July 14, 2020

Tell Me Something Tuesday: Does Your Reviewing Style Change Depending on the Book?

Tell Me Something Tuesday is a weekly discussion post on Rainy Day Ramblings, where the blog's owner Heidi discusses a wide range of topics from books to blogging. Weigh in and join the conversation by adding your thoughts in the comments. If you want to do your own post, grab the question and answer it on your blog.
Here is what is on deck this week:


I was the one who came up with this question, and I'm really curious about your answers! Does the genre you're reading, or the fact that you enjoyed a book immensely/found it average/hated it, or even your mood, influence your reviewing style?
For me, it never really changes. Sometimes I wonder if I'm reliable...or simply boring LOL. I mean, the length of my reviews may vary, but that's not a sign of me enjoying the book more (long review) or less (short one). There are books you can't very well say too many things about, because you'd spoil them big time. As for the style...I try to go in deep, rarely fangirl (or, I fangirl responsibly. Is that even a thing? 😂), am never snarky (though I came close to it once). As I said, that may be because I'm reliable...or because I'm boring...or (wishful thinking) because...

Feel free to ignore the statement above LOL.

July 11, 2020

Job Application Update - A.K.A. Thanks for Nothing, Buddy

Hello sweeties,

remember the second part-time job I applied for (in-bound customer support operator at the local hospital)? Well, nothing came out of it. I mean, the job, as of now, doesn't exist 👀.

Let me explain. In Italy, you can book a private medical examination - in order to skip the long queues, or to get an appointment with a specific doctor - at the very public hospitals these doctors work for. That was the job I applied for: one where you receive the customers' calls and give them the desired appointments. At present, this kind of job is handled by a set of operators in a nearby hospital (different town, same corporation), but the idea was to build another contact center here in order to handle the appointments better. Except the local hospital ultimately backed out (I guess for monetary issues - it's always about the money). So, there will be no such position open here for the foreseeable future.

Now, I don't know if I could have balanced two jobs (mainly because of the time schedule), or if I would have favorably impressed the recruiters or anything, but...for the very first time in my life, I wasn't feeling scared or inadequate. I was beginning to think I could do this. Not to mention, it's so rare to find a job advertisement for something that doesn't involve the kind of education I didn't choose to get (like law or business and economics). So I'm back to square one now...and a bit disheartened, to tell you the truth 😫.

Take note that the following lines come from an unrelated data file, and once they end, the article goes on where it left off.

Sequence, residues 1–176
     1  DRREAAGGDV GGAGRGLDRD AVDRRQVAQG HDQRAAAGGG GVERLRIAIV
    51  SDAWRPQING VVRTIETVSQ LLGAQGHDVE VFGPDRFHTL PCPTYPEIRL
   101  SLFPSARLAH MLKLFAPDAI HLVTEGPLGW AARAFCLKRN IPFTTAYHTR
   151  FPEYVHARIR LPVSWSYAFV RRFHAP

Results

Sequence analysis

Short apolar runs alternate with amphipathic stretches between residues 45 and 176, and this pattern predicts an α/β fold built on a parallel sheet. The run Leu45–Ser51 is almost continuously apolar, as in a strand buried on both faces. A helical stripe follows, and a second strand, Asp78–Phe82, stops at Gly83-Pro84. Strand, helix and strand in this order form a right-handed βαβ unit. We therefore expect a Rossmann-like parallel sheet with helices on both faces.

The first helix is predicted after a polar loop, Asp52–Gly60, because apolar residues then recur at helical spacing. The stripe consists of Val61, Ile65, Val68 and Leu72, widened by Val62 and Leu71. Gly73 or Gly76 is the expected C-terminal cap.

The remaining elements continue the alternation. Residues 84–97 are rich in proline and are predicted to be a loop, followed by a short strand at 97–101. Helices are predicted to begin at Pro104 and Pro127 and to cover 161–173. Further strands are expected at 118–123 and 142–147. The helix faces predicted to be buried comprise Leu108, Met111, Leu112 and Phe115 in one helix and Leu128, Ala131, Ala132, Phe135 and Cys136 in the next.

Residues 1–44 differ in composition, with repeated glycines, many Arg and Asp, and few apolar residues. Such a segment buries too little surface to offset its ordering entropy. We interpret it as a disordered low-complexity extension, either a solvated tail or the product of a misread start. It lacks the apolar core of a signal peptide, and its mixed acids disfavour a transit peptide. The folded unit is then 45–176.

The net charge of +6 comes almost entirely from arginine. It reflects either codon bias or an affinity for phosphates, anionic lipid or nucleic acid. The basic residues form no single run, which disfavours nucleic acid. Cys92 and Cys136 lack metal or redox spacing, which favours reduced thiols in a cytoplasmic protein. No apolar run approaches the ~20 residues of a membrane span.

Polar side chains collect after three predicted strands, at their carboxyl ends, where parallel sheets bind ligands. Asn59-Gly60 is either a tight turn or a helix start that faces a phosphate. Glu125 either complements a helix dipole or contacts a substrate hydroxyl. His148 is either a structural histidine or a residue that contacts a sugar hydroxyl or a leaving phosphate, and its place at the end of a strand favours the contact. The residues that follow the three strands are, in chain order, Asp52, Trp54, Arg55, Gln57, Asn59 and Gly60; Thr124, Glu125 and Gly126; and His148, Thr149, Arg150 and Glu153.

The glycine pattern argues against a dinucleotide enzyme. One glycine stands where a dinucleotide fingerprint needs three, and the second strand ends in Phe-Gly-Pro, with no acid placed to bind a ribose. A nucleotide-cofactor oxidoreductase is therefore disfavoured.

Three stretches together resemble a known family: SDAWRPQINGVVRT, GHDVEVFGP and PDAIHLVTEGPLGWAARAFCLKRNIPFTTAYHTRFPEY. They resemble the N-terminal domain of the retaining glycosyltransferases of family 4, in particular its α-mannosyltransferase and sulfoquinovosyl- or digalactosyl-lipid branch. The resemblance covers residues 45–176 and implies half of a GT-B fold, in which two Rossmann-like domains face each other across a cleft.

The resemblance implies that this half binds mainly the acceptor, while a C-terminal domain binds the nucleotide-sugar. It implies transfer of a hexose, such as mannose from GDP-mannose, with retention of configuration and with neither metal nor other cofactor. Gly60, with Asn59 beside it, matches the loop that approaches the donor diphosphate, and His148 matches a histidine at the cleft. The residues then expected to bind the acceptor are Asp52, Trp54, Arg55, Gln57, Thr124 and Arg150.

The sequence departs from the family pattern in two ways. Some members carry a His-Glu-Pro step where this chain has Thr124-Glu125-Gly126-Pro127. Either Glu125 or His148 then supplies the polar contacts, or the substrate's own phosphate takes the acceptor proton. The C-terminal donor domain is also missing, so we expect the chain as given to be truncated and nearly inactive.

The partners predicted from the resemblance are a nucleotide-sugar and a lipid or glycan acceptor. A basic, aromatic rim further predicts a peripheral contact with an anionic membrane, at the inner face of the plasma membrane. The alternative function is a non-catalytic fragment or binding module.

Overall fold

OK, so that's it for now - but please don't stop sending good vibes my way. Maybe they'll put a new and improved job offer on my path! or maybe the local hospital will backtrack again and ultimately decide to open that position, in which case...I'm ready to fight for it 💪.

July 09, 2020

Seanan McGuire: "In an Absent Dream"

Title: In an Absent Dream  [on Amazon | on Goodreads]
Series:  Wayward Children (3rd of 8? books)
Author: Seanan McGuire [Site | Goodreads]
Genres: Supernatural (technically it would be Portal Fantasy, but since I don't have a Fantasy Room on the blog, I decided to shelf this one as Supernatural - that's the closer I could get)
Year: 2019
Age: 14+
Stars: 4/5
Pros: An imaginative look-in-reverse at one of the most common fantasy tropes. Fresh twist on one of the series' premises. Compelling protagonist.
Cons: More philosophical (and thus slightly less accessible) than the other books in the series.
Will appeal to: Everyone who's ever felt out of place, but doesn't necessary dream of a happier world than the one they live in...

Blurb: This fourth entry and prequel tells the story of Lundy, a very serious young girl who would rather study and dream than become a respectable housewife and live up to the expectations of the world around her. When she finds a doorway to a world founded on logic and reason, she thinks she's found her paradise. Alas, everything costs at the goblin market, and when her time there is drawing to a close, she makes the kind of bargain that never plays out well. (Amazon excerpt)

Review: The most original book in the series so far tells us the origin story of Lundy, Eleanor West's second-in-command (so to speak) at her Home for Wayward Children. Alas, we already know what comes after - but it doesn't mean that we're exempted from heartbreak.


If you're familiar with this series - or have at least read Book 1 - you will know that most of the doors the Wayward Children stumble upon can only be crossed once, because if you break the rules of the realms they led you to, you have to go back to the regular world and aren't allowed to return. Under special circumstances, some of the visitors do get a second chance. But this is the first time we're introduced to a door that will let you come and go until you're eighteen, at which point you'll have to make up your mind or the door will choose for you. Also, this is the first time we follow one of the Wayward Children for a long span of time - from 8 to 18 years old - and in and out of two worlds. This allows McGuire to flesh up her main character a bit more (despite the novella format's limitations) and to give us a multifaceted perspective of her that the previous ones lacked. It also makes for a compelling narrative, that - despite us already knowing the outcome, since we met Lundy in the first installment - keeps us on our toes the whole time. It's a fresh spin on the series' own mythology that breaths new life into an already fascinating concept and prevents it from becoming formulaic. [...]